At one time, you’d purchase a guitar cable and when the plugs didn’t fall off or short out, it was an excellent cable, right? Now we now have esoteric guitar cables that cost just as much as some guitars, and claim all types of tonal benefits – but can cables really really make a difference, or is it all just smoke and mirrors? If you are using a guitar or bass fitted with active pickups you can sit down now, because the selection of cable can make hardly any difference, as a result of suprisingly low output impedance of active circuitry. However, if (like the majority) you use conventional passive pickups, then yes, cables do make a difference.
The Cable Conundrum
The electrical resistance of Instrument Cables is insignificantly tiny in contrast to the impedance from the pickups and controls, so that won’t affect your tone a good deal, but cable capacitance is yet another matter altogether. A capacitor is formed whenever two electrical conductors have been in positioned in close proximity, and then for a particular spacing, the greater the surface area of the conductors, the greater the capacitance. The core and screen conductors of typical guitar cable may produce a capacitance of approximately 30 picofarads per foot (or 100 picofarads per metre), so that it follows the longer the cable, the greater capacitance you might have hanging on the output of your guitar.
Placing a capacitor across an audio circuit produces a low?pass filter, and given this, you may expect a lengthy cable (a treadmill with a higher capacitance than usual) to kill your guitar’s high end – which is the argument used by those companies making esoteric guitar cable. However, there’s actually a lot more to obtaining a great guitar sound than simply choosing a low?capacitance cable.
Firstly, before anyone gave cable an additional thought, guitarists were making great?sounding records using standard guitar leads, so if you’re after imitating their sounds, there’s little point in looking for an ultra?low-capacitance cable: that could make your guitar sound brighter than theirs did. In the end, the complete past of guitar sound is built on technological imperfections. Today we could make a guitar pickup having a 20Hz to 20kHz response, we might build perfect amplifiers without audible distortion and that we could connect those to state?of?the?art speaker systems that cover the whole audio spectrum. But we’d hate it! It might be acceptable for quasi?acoustic rhythm playing, however it just ain’t rock & roll!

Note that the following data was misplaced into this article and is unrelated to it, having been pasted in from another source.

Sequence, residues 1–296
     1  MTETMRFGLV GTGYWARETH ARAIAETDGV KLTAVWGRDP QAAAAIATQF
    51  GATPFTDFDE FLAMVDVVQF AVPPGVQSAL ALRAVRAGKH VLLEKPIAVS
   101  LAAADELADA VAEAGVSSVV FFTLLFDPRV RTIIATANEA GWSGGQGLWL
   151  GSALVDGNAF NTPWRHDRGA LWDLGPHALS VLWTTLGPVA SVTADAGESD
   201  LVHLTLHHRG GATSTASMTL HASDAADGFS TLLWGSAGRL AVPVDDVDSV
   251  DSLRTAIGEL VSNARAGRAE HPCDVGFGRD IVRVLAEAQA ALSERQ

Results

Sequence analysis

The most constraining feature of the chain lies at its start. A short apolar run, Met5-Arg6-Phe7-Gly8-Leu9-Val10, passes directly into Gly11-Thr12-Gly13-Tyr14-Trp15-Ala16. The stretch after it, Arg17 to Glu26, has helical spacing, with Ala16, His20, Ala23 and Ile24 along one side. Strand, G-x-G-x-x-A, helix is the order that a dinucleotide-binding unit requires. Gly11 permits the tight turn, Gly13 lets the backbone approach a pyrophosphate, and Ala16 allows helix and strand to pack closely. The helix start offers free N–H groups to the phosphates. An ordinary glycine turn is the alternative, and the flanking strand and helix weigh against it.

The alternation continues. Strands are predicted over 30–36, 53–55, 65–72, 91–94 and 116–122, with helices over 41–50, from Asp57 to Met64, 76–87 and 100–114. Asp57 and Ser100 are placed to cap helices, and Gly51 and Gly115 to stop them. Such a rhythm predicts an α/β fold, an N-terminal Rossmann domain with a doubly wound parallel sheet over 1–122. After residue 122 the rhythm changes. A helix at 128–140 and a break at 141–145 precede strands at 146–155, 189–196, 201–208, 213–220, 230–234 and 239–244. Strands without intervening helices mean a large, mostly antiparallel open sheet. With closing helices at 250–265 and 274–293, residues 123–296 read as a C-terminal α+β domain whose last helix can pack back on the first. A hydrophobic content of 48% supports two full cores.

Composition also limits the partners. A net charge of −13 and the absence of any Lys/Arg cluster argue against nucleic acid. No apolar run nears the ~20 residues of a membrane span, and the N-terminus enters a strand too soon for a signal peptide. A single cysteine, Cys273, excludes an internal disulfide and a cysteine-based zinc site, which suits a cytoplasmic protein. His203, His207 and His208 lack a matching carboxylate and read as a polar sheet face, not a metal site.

Another intriguing and important fact about guitar cable capacitance is that it doesn’t only serve as a minimal?pass filter. An electric guitar’s pickups are made of coils of wire, causing them to be highly inductive. Wire a capacitor across an inductor and you get a tuned circuit, rather like a mixing desk’s mid EQ set to improve. In the case of a typical guitar, the tuned circuit is pretty well damped, because of the resistive parts inside the volume and tone circuits and the resistance from the pickup coil itself, however you can certainly still get a 1?2dB hump in the response. If you choose low?capacitance cable, the tuned circuit will resonate in a higher frequency, whereas a very high?capacitance cable will push the pickup resonance downwards. In any event, the tonality of the pickups will alter.
This knowledge can be helpful, since if your instrument lacks sparkle, selecting a low-capacitance cable could improve matters significantly. What’s more, you should check the outcome before spending your qnwpup simply by making up a really short conventional cable (a couple of feet should have the desired effect) to see how your tone changes in comparison with your standard cable. On the contrary, in case your guitar sounds thin and lacking in punch, a regular high?capacitance cable may possibly ensure it is sound better.
An additional consideration, taking all this into account, is definitely the behaviour of radio systems created for guitar. A number of these overlook the cable capacitance issue, or simply put a low?pass filter inside the receiver, but that won’t affect the resonant frequency of the pickups like a real cable does. If you use a radio system and locate that this tone seems thinner, why not try wiring a capacitor of 200?400pf across the jack plug at one end of the short cable that connects the guitar towards the transmitter and find out if that helps?
Summing up then, cables do make a difference with guitars that have passive, magnetic pickups. However, there’s no simple answer as to what type of cable will continue to work best together with your instrument because, just like the amplifier and speaker, the cable is part of your sound. Paul White